Smith’s swagger offers fuel for Oilers in overtime win over Penguins

Pittsburgh Penguins' Bryan Rust, right, collides with Edmonton Oilers goaltender Mike Smith during the overtime period of an NHL hockey game in Pittsburgh, Saturday, Nov. 2, 2019. The Oilers won 2-1 in overtime. (Gene J. Puskar/AP)

“I’m here to win.”

Mike Smith.


PITTSBURGH — As a franchise, when you’ve had the football pulled away from you as many times as the Edmonton Oilers have, you come to believe that Lucy is lurking around the corner of every winning streak.

The floor has fallen in a lot of times in their town, and it’s only human nature when a negative past lingers through a positive present — loitering in the back of your mind the way the Oilers hung around here in Pittsburgh on Saturday afternoon.

That’s where an Alpha male like Mike Smith is the right guy for this roster, standing back in Edmonton’s crease and catching point shots with a swagger that says, "Get that weak s— outta here!"

Smith stomped into the Oilers’ history books by stopping 51 shots, Leon Draisaitl scored in overtime once again, and the Edmonton Oilers beat the Pittsburgh Penguins 2-1 — the first time in Connor McDavid’s career that his Oilers have beaten Sidney Crosby’s Penguins.

Smith, the best player on a penalty kill that was five-for-five, refused to let this one go the other way, the way so many have against Pittsburgh over the years.

"He’s got swagger, I’ll say that," said head coach Dave Tippett, who knew this summer that injecting a little bit of attitude would help his dressing room. "It’s just the way he plays — he’s engaged in the game all the time. He is a leader. He comes to the bench and he’s barking at guys on timeouts…

"He is giving us a presence in there that’s helped us win some games," said Tippett. "In overtime he had a hit a pass and a few saves… It’s like a Gordie Howe hat trick for a goalie."

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Clearly, none of it matters if Smith doesn’t stop enough pucks, and he is doing that. Smith’s saves percentage jumped from .919 to .931 on Saturday, so he walks the walk.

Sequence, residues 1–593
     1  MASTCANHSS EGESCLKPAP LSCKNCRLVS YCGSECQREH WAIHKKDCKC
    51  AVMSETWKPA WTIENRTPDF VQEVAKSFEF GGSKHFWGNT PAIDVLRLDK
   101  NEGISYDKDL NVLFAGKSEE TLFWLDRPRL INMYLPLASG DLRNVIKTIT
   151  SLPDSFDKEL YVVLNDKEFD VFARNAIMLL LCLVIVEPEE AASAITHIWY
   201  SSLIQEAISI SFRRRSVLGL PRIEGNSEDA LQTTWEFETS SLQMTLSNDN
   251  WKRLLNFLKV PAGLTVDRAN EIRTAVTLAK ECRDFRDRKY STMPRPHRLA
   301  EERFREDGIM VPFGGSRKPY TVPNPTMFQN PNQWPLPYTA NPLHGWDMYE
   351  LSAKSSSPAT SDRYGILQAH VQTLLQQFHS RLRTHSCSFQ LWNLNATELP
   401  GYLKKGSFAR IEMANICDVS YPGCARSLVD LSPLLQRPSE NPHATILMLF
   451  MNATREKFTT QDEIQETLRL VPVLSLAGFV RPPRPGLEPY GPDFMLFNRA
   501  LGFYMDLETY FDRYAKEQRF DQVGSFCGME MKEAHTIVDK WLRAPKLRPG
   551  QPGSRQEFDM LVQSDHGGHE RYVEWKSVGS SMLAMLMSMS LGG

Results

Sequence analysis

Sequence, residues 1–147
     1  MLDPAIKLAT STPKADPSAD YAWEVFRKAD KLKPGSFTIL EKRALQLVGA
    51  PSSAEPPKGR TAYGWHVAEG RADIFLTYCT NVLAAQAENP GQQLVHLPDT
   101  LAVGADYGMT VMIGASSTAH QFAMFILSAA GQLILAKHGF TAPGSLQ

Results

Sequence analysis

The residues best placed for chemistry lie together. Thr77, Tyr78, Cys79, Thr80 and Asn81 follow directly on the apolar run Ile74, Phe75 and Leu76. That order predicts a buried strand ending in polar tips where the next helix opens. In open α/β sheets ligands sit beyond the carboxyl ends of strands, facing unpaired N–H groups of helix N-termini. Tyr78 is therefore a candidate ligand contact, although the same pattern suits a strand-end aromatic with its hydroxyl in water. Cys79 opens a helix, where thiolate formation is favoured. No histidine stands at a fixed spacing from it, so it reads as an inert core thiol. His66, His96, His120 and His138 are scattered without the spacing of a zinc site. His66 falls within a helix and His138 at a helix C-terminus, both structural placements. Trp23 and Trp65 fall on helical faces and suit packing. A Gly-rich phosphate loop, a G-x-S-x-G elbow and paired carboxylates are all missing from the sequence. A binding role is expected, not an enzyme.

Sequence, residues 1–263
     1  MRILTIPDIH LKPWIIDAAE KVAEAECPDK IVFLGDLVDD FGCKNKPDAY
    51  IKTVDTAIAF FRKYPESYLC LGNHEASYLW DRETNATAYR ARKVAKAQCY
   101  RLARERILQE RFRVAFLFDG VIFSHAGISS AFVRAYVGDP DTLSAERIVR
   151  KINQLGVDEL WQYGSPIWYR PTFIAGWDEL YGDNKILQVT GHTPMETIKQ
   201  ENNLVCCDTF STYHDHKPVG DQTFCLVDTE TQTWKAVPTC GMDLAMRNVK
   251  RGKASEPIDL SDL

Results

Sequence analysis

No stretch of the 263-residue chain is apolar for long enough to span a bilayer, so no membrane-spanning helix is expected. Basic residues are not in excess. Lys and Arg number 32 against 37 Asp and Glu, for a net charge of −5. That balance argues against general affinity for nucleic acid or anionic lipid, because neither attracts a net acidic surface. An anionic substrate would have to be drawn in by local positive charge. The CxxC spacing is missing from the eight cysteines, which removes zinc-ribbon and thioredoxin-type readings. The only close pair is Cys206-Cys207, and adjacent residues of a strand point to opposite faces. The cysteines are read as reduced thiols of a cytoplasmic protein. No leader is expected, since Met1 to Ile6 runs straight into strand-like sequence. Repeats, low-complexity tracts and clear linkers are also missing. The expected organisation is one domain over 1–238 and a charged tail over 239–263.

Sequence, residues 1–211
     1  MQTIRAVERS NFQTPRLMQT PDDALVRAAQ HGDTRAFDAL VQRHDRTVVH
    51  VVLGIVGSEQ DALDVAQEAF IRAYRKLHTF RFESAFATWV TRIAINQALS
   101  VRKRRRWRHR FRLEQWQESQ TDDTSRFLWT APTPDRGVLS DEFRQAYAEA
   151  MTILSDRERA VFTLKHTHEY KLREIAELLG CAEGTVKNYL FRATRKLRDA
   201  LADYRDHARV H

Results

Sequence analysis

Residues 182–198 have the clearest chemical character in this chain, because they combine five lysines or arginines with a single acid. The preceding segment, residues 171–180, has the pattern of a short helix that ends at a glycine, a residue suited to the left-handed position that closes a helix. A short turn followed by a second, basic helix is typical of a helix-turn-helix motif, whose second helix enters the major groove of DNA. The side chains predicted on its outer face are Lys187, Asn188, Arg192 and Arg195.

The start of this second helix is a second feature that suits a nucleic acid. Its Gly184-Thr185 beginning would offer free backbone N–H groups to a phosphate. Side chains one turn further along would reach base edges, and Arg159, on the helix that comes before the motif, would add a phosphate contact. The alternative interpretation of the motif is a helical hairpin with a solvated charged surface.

"He’s a big guy and he’s got that confidence about him. That gives us confidence, from the back end up," said Ryan Nugent-Hopkins, who went 60 per cent in the circle and had five shots on net. "He’s a veteran guy who’s been around a long time. Guys like him and (James) Nealer, they bring a fresh, positive attitude. Smitty played out of his mind for us tonight."

The six-foot-four Smith is a giant on skates, a shaggy 37-year-old with four kids who drafted out of the Kingston Frontenacs when McDavid was a four-year-old. Nearing the end of a 14-year NHL career that has given Smith just three playoff appearances, he sees what’s around him here in Edmonton — not a Cup contender yet, but a team that is a few attainable parts away from being one.

Smith is the kind of personality that won’t sit there and watch anything cut into his chance of perhaps making this final stop his most successful one. He doesn’t have much career left to waste, and he’s grabbing the reins of this culture change in Edmonton with both hands.

"As you get older in your career, you realize what kind of person and player you need to be to help a group out," Smith said. "This team hasn’t had success in the last bunch of years, so being brought in and being an older guy, you owe it to younger players to lead by example. Not only in games but in practice, and on and off the ice.

"I’m a competitive guy, and hopefully that doesn’t rub guys the wrong way. I’m here to win," he declared. "That’s the main thing for me and this team. Whatever I need to do to be a good leader and a good role model, I’m gonna do it."

The last time Smith saw these Penguins, they were lighting him up for six in that fabled 9-1 loss at the Saddledome last October, when he was a Calgary Flame. "Thanks for reminding me," he smiled. "This is a lot better memory coming out of a game like this."

Smith’s new team has been pining for some support scoring, and in a game where everyone came to see No. 97 vs. No. 87, they shuffled out into a sunny Pittsburgh afternoon asking themselves, "Who was that No. 12 for Edmonton?"

Colby Cave, called up only the previous day from Bakersfield, went on a solo rush around defenceman Marcus Pettersson and deposited a goal behind Matt Murray that McDavid would have been proud of. Brian Dumoulin’s shorty tied the game before Draisaitl ended a spectacular overtime with a classic power forward rush, roofing one behind Matt Murray.

Cave, a rancher’s son from Battleford, Sask., became Tippett’s go-to centreman, going 10-6 in the circle, often versus Crosby and Evgeni Malkin. A fringe NHLer thus far in his career, let’s hope he saves the video of this one.

"He was a really good player for us today," stressed Tippett.

So was the big guy in goal, and the Oilers join Washington as the NHL’s only 10-game winners.

So far, the football is still on the tee.

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